New York Jets: The ten plagues of the NFL Draft part I

PHILADELPHIA, PA - APRIL 27: Jamal Adams (Photo by Elsa/Getty Images)
PHILADELPHIA, PA - APRIL 27: Jamal Adams (Photo by Elsa/Getty Images) /
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Russell Carter

Despite finishing seventh in the NFL in pass defense in 1983, the Jets were looking for a defensive back when they entered the 1984 draft with the tenth overall pick. In three years at SMU, Russell Carter picked off 18 passes. The team was happy to see him on the board when they went on the clock with their first round selection, and Carter was the name on the lips of commissioner Pete Rozelle.

As a rookie, Carter did not perform like a plague. Much to the contrary, he actually showed a lot of potential for a long career as a cornerback. After intercepting four passes in 1984 it seemed as if the sky was the limit. Unfortunately for Carter and for the Jets, those were the last four passes he would intercept in his NFL career. That’s right, in four years in New York Carter intercepted four passes. Talk about a hot start that ended abruptly, right?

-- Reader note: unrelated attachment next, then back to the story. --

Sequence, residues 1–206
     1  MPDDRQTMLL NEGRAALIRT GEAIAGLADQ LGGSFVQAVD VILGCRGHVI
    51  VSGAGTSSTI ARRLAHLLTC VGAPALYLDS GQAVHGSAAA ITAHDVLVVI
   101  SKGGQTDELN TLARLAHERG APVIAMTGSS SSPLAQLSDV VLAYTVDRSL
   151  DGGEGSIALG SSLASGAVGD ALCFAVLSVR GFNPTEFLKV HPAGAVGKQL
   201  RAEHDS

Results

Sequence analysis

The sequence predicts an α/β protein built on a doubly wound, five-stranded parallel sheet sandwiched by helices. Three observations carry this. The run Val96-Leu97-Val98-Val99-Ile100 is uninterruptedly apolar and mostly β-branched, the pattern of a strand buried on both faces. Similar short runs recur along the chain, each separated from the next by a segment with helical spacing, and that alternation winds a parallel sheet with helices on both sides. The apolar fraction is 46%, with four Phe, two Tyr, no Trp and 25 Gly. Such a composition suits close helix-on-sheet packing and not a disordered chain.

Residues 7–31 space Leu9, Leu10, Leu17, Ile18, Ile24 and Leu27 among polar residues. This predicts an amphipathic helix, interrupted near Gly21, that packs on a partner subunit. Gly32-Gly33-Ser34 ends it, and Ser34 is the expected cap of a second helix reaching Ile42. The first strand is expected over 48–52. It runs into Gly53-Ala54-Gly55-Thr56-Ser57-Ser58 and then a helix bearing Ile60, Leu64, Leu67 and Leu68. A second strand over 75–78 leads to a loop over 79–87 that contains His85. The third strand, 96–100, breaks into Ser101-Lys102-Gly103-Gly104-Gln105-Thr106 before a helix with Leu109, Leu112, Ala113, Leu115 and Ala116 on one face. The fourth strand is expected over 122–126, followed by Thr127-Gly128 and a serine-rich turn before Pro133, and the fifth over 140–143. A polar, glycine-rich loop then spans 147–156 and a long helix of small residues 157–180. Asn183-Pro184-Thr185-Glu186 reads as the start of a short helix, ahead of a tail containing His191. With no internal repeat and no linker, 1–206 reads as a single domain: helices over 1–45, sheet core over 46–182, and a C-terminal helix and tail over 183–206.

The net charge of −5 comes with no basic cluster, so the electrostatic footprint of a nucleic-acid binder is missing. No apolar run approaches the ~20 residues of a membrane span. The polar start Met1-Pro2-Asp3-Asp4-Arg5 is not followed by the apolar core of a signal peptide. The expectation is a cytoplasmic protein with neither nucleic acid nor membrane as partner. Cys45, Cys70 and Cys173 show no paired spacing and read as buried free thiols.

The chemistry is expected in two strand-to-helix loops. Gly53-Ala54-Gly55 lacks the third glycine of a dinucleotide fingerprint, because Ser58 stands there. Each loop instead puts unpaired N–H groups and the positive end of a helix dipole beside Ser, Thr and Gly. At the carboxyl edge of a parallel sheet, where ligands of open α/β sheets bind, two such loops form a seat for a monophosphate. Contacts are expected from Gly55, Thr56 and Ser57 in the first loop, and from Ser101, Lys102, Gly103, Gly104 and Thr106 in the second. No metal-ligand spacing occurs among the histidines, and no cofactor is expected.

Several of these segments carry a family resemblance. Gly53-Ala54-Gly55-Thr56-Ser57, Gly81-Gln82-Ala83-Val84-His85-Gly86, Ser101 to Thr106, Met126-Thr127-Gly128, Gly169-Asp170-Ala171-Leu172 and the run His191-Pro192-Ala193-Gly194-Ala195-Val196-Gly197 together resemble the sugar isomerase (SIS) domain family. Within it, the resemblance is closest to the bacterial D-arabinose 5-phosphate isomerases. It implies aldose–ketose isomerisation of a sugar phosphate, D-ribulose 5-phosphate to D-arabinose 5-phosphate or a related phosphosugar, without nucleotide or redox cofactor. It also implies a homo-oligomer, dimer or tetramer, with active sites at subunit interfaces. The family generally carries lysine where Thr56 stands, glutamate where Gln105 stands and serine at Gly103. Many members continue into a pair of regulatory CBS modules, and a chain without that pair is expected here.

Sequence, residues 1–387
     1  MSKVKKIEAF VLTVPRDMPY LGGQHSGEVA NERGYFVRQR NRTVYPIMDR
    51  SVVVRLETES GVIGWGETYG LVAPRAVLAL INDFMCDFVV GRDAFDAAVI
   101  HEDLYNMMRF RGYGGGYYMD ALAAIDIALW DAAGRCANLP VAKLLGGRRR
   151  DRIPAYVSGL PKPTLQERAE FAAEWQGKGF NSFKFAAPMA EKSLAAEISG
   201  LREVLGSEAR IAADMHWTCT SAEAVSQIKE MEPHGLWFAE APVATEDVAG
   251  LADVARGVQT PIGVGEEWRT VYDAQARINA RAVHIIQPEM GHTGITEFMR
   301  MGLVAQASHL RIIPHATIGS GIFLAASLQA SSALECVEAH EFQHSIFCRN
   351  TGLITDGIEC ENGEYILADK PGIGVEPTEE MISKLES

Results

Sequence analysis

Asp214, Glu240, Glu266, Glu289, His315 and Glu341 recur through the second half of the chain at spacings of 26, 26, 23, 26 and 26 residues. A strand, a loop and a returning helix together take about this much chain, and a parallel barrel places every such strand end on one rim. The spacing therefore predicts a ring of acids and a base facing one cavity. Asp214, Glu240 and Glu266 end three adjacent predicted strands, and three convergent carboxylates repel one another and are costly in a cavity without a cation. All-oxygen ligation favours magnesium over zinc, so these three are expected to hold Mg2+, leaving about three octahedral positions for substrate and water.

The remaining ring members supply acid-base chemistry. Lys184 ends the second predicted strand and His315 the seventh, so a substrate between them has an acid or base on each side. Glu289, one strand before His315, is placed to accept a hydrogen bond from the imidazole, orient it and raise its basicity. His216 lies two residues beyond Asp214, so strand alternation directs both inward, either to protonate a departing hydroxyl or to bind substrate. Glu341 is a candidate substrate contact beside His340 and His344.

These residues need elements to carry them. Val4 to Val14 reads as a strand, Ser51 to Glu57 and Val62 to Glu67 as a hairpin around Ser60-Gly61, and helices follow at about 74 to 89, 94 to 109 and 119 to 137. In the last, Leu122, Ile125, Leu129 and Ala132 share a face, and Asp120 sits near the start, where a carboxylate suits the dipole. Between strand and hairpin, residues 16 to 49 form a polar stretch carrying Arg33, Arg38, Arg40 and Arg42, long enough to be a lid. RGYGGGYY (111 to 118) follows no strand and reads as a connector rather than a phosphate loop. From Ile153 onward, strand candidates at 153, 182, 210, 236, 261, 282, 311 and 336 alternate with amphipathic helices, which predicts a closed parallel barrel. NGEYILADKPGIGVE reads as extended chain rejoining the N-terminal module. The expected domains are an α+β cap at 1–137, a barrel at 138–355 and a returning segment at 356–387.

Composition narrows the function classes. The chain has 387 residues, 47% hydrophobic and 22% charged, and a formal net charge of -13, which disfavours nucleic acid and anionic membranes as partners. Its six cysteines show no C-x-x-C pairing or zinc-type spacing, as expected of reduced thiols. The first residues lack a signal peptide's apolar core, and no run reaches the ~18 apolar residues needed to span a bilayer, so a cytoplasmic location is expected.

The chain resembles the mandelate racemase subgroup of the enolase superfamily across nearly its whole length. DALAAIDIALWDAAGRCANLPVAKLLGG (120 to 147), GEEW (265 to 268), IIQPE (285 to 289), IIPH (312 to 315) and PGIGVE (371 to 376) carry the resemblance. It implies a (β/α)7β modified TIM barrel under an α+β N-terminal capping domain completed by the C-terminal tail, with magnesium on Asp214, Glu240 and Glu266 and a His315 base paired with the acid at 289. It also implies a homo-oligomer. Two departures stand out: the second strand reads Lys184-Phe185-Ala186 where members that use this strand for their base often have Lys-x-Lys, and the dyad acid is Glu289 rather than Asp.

If we want to add players that were selected soon after Carter, look no further than the very next pick. Linebacker Wilbur Marshall was selected by the Bears at number 11 and he had a long career with the Bears, Redskins and a couple of more stops before having a cup of coffee with the Jets in his final season. Maybe Ken O’Brien wouldn’t have been sacked as often if the Jets had chosen William Roberts, the guard that was a mainstay on the offensive line of Phil Simms for several years.

Another on the long list of plagues.